One of those implicated in the protests was Kalpona Akter, the head of BCWS, who told ABC News in a recent interview that she was concerned that her group and others could face intimidation or even jail time if they continued to fight for safer working conditions and better pay in Bangladesh.
In her interview, Akter told ABC News that she was willing to accept the risk involved in fighting for better working conditions.
"I was the worker," she said. "I have experienced [working] 23 days in a row …I was sleeping in shop floor. I was taking sometime shower in toilets. I was drinking unsafe water. I have been slapped by the supervisor. So I don't want to see anymore workers go the same way."
Nova told ABC News he believed that U.S. companies should use their leverage inside Bangladesh to improve conditions for workers.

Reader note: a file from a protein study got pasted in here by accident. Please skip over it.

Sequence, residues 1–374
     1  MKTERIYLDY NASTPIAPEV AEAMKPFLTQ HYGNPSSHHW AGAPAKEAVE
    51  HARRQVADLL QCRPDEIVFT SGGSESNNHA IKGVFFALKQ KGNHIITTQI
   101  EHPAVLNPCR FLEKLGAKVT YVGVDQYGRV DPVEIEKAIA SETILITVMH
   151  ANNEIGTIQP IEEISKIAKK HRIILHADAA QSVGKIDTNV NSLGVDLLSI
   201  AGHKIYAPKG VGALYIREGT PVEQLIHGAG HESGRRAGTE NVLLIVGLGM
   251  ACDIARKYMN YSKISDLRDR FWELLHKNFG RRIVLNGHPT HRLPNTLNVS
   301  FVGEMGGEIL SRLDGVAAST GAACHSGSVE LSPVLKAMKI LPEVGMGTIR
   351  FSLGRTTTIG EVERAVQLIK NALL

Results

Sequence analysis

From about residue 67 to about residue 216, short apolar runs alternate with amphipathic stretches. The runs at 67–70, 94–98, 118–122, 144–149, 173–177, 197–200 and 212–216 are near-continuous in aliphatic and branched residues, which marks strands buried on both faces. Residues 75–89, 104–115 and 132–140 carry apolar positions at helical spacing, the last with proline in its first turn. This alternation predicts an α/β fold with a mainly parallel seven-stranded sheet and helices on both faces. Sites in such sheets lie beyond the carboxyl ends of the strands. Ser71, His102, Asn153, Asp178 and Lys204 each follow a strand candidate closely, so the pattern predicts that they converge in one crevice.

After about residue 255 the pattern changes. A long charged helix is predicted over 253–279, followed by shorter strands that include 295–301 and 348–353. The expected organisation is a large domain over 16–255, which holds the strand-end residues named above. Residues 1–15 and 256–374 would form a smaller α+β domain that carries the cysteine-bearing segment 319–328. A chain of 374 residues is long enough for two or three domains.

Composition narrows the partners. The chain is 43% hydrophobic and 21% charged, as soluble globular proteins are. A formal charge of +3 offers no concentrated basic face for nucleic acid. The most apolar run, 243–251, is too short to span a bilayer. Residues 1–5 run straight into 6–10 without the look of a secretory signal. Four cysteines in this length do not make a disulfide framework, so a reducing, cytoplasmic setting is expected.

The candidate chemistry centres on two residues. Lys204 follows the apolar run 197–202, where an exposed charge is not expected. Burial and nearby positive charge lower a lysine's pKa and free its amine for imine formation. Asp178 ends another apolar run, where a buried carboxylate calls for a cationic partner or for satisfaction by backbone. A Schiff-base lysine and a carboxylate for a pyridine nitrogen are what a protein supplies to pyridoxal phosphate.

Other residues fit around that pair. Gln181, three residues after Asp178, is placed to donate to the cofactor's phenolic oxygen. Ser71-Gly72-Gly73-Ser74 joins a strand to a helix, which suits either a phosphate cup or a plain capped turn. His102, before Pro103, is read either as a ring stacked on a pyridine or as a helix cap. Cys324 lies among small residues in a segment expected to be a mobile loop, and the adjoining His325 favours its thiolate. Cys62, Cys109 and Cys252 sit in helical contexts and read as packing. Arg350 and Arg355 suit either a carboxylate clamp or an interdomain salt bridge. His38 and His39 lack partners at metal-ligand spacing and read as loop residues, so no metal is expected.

"For two years, labor rights groups have been calling on Wal-Mart and other companies that produce in Bangladesh to use their power to protect the BCWS staff, and other labor rights advocates, from the government's campaign of repression," said Nova. "Instead, they just increase their production in the country, which sends exactly the wrong message to the government and the factory owners."
PVH Corp., Nike, Ralph Lauren and Wal-Mart did not immediately respond to requests for comment.